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58 Limerick artists will become some of the first recipients of new Arts Pilot Scheme



Arts Pilot Scheme will allow 2,000 artists and arts workers to earn €325 a week under the new Basic Income for the Arts pilot scheme.

A pioneering pilot scheme to support artists and creative arts workers

Arts Pilot Scheme has been driven by Catherine Martin who has led the way to trial this within the arts. 

The scheme is described as a once-in-a-generation basic income, with those who qualify receiving €325 per week, paid monthly, as part of a research project on the impact of a basic income.

58 Limerick artists were selected through a randomised anonymous selection process.




Over 9,000 people applied for the pilot scheme, with 2,000 across the country set to benefit. Many people working in the Arts Sector face precarious employment, with income varying commission to commission, gig to gig.

Trialling a basic income in the sector will allow these artists to fully engage with their creative practices with the security of income certainty.

Minister Catherine Martin has led the way to trial this within the arts. As Minister for the Arts, during a really challenging time for the sector, it has been her mission to support artists – not just to survive the difficulties of Covid, but to really thrive through that time and into the future.

The learnings from this pilot will inform how they can continue to sustain and grow Ireland’s reputation for punching above weight in creative talent and output.

Green Party Deputy Leader and Minister for the Arts, Catherine Martin TD Minister Martin, who has been a driving force within government in securing the pilot scheme for artists, said, “This is a historic day for the arts in Ireland. I am delighted that we are leading the way internationally with this pioneering pilot scheme to support artists and creative arts workers. We are a country with a rich heritage in the arts and this pilot recognises the need for security and support to be in place to retain the abundance of talent and experience in this country. With so much uncertainty in the world now including the war in Ukraine, the climate crisis, and huge cost of living increases, we need the arts more than ever to help inspire us to imagine and create a better future.”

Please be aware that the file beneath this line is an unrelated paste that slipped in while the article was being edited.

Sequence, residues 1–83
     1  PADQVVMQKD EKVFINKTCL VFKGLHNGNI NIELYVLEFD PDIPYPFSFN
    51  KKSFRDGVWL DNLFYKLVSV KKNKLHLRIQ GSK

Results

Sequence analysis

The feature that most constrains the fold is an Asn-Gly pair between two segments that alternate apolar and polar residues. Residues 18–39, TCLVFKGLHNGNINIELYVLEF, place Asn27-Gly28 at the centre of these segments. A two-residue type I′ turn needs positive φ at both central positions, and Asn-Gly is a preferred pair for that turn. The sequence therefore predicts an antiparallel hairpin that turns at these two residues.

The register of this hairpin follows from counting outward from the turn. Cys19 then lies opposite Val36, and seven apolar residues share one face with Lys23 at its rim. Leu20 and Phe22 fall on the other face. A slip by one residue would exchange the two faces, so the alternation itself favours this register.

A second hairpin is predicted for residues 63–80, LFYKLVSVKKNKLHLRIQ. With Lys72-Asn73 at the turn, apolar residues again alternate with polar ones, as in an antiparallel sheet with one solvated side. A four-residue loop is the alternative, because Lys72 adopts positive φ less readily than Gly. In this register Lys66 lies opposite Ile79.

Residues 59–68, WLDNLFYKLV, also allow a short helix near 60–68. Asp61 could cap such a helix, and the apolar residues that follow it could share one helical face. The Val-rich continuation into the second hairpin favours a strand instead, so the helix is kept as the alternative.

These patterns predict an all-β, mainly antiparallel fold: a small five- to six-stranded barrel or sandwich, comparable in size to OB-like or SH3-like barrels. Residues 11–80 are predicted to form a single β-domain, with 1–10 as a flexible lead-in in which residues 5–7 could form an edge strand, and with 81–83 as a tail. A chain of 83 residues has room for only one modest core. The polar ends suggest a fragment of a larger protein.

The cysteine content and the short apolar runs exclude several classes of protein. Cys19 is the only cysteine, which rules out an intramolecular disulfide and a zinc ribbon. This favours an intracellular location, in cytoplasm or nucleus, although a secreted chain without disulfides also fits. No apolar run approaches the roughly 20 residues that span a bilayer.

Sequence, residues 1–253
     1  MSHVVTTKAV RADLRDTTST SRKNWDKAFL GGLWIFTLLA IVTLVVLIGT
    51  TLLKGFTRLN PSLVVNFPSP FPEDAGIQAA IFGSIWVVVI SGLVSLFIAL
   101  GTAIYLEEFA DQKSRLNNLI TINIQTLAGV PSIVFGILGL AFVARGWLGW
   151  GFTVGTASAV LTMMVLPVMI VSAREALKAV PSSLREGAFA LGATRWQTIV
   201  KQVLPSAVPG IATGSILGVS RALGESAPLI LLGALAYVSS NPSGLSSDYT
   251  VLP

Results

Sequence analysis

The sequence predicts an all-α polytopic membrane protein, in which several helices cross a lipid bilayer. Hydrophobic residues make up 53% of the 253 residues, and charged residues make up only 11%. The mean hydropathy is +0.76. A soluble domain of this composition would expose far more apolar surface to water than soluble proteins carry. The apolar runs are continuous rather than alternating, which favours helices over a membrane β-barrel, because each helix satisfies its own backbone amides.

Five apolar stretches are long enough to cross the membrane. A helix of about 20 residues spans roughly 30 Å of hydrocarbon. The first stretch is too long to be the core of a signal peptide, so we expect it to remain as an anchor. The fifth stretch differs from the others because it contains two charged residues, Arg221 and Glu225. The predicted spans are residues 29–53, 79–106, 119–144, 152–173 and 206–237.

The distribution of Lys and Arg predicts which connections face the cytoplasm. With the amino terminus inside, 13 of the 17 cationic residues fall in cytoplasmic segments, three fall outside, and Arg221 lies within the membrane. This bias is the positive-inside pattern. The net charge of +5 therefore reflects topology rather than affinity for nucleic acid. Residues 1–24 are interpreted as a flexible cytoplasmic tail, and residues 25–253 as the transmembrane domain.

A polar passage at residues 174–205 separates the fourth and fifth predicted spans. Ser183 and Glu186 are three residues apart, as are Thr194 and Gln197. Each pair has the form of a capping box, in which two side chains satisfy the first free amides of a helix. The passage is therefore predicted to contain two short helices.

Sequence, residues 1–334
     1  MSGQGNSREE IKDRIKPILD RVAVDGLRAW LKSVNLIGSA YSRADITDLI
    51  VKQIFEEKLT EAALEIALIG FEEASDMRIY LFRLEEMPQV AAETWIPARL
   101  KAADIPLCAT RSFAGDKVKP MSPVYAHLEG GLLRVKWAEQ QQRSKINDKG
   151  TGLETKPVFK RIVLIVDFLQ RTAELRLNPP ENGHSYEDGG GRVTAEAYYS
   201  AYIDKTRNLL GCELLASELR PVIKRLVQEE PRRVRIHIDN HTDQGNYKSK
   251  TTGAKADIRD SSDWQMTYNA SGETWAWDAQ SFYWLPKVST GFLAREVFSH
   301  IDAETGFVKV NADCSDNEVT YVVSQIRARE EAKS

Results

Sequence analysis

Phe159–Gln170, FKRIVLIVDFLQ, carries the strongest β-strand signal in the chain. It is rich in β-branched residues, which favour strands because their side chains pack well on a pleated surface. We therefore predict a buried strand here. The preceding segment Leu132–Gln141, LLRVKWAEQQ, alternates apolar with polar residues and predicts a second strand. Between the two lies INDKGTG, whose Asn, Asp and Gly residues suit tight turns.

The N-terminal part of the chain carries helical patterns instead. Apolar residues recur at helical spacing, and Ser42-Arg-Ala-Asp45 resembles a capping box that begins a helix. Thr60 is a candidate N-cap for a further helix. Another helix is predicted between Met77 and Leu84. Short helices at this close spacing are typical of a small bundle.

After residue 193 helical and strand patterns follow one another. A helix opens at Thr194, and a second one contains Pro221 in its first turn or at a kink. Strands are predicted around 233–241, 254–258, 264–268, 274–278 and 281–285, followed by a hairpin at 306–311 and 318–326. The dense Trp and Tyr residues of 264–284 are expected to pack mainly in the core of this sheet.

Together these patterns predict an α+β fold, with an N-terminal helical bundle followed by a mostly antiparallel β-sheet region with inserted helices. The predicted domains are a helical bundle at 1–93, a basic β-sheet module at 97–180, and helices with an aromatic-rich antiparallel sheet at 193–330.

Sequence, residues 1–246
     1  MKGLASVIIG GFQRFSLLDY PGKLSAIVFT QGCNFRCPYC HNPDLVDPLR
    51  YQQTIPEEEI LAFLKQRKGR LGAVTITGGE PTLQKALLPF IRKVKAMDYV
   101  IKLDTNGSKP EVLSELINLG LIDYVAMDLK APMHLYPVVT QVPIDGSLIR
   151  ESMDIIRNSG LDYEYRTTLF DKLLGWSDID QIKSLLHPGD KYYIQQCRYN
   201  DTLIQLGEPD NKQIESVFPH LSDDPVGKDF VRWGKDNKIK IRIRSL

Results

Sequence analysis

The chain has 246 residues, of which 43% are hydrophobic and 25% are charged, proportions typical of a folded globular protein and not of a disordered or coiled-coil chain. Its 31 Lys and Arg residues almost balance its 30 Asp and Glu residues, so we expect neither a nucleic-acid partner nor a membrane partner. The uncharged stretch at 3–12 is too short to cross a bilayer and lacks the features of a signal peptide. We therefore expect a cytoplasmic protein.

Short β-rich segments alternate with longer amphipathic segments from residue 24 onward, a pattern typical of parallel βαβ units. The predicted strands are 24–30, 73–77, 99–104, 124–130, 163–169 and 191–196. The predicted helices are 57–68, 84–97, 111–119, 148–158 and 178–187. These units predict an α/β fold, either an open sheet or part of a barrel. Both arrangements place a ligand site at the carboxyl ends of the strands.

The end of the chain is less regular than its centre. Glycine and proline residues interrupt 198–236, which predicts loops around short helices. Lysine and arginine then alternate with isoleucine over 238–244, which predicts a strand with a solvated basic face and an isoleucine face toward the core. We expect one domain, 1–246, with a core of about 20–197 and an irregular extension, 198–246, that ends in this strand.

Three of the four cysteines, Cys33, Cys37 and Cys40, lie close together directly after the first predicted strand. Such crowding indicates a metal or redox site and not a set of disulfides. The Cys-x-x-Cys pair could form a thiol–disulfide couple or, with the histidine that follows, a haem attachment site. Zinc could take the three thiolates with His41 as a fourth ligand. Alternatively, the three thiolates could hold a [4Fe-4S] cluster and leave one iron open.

The 2,000 grant recipients include representatives from all art forms, age groups, ethnicities and countries including 707 visual artists, 584 musicians, 204 artists working in film, 184 writers, 173 actors and artists working in theatre, 32 dancers and choreographers, 13 circus artists and 10 architects. 3% or 54 of those selected work through the Irish language.

A basic income for the arts was the number one recommendation of the Arts and Culture Recovery Taskforce Life Worth Living Report which was set up by Minister Catherine Martin in 2020 to examine how the sector could adapt and recover from the unprecedented damage arising from the COVID-19 pandemic.

A stakeholder consultation forum was held on the issue in December 2021 at which over 150 participants from 50 representative and resource organisations in the arts and culture sector attended.

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Richard is a presenter, producer, songwriter and actor. He was named the Limerick Person of the Year (2011) and won an online award at the Metro Éireann Media and Multicultural Awards (2011) for promoting multi-culturalism online. Richard says that the concept is very much a community driven project that aims to document life in Limerick. So, that in 20 years time people can look back and remember the events that were making the headlines.